Revenue is very crucial element for users of the financial statements in assessing a company´s current performance and future prospects.
For most businesses, income is recognized as revenue when the company delivers the required product or performs its service and receives payment for it. However, there are numerous circumstances in which exceptions may apply. For example, if a company's business has a very extraordinary rate of product returns, revenue should only be recognized after the expiration of return period.
Companies can sometimes mislead users of financial statements with revenue recognition to make their financial statements look better. For example, if ABC Corp. wants to hide the fact that their sales are low in the current year, it may choose to recognize income that has not yet been collected as revenue in order to boost its sales revenue and ultimately profits for the year.
Revenue recognition principle says that revenue is to be recognized only when the rewards and benefits associated with the items sold or service provided is transferred, where the amount can be estimated reliably and when the amount is recoverable.
The accrual basis of accounting is used in recognizing revenue which tells that revenue is to be recognized ignoring when the cash inflows occur.
In case where payment is received before the event triggering recognition of revenue happens, the debit goes to cash and credit to unearned revenue. In case the event triggering revenue recognition occurs before payment is received, the debit goes to accounts receivable and credit to revenue.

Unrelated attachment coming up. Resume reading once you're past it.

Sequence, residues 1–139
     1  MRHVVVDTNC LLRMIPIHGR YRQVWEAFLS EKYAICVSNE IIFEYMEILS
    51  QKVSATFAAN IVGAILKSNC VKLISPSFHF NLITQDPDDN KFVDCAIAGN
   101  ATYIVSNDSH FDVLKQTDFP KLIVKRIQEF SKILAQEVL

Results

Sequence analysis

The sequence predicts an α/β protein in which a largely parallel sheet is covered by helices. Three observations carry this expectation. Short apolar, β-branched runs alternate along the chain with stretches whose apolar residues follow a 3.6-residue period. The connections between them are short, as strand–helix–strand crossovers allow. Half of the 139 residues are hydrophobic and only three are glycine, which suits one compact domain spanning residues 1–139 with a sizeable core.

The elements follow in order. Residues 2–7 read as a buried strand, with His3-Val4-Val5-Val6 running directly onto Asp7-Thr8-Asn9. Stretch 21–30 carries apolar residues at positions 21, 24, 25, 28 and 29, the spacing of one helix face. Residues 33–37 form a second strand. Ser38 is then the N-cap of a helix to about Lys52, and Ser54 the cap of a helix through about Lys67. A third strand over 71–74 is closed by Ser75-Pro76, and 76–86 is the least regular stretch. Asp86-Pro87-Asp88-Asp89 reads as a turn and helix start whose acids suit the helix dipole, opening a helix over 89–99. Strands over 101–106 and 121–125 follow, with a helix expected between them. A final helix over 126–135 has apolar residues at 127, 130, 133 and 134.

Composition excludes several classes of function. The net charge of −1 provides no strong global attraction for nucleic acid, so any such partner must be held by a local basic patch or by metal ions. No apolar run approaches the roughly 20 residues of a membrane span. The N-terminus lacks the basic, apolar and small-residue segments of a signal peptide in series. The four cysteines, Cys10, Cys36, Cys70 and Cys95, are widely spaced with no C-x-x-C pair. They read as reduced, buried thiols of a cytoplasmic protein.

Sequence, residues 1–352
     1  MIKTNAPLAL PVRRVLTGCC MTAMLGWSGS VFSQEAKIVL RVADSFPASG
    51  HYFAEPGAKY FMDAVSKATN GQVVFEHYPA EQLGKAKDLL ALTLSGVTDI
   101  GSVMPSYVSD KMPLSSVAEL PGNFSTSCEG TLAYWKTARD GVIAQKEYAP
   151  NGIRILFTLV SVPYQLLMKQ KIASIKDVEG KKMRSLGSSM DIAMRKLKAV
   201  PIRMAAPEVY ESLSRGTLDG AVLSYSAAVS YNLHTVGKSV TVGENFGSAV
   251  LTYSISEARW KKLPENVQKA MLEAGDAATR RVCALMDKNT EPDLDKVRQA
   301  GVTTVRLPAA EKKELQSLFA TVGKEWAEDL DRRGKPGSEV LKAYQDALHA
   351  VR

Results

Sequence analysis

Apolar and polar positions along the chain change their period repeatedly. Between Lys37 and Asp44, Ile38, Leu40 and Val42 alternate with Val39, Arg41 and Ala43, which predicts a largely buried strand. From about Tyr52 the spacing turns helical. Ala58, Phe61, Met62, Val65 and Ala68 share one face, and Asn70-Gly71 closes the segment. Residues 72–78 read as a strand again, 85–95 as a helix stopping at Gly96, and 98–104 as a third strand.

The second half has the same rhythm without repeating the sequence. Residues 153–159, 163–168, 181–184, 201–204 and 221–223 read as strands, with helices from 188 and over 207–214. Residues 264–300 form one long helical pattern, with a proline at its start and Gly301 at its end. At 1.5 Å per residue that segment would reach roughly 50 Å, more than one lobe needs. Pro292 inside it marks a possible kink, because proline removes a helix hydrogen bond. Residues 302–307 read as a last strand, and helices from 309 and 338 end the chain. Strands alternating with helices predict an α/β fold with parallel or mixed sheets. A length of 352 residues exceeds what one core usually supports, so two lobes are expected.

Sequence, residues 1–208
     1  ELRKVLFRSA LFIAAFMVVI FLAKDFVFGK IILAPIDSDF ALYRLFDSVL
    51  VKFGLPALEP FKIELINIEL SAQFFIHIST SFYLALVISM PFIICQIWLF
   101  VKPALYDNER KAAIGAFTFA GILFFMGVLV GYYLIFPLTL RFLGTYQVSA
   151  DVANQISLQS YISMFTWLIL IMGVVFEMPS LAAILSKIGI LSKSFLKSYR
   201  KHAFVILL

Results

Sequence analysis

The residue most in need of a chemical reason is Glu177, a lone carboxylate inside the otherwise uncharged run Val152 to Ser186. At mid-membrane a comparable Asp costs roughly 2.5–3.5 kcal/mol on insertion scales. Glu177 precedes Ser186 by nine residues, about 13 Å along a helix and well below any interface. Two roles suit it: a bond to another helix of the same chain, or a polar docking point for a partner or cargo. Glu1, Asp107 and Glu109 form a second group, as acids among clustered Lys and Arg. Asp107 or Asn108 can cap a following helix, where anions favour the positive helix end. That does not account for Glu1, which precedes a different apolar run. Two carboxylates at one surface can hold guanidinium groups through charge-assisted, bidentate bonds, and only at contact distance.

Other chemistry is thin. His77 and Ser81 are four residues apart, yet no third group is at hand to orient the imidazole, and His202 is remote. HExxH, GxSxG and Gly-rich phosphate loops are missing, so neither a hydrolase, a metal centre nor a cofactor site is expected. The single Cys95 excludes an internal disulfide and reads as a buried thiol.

Revenue is the item which is the easiest to misstate, hence more stringent rules and guidance is required in this area. IAS 18 Revenue deals with recognition of revenue.
Revenue: the gross inflow of economic benefits (cash, receivables, other assets) arising from the ordinary operating activities of an entity (such as sales of goods, sales of services, interest, royalties, and dividends). [IAS 18.7]
Recognition, as defined in the IASB Framework, means incorporating an item that meets the definition of revenue (above) in the income statement when it meets the following criteria:
For revenue arising from the rendering of services, provided that all of the following criteria are met, revenue should be recognized by reference to the stage of completion of the transaction on the balance sheet date (the percentage-of-completion method): [IAS 18.20]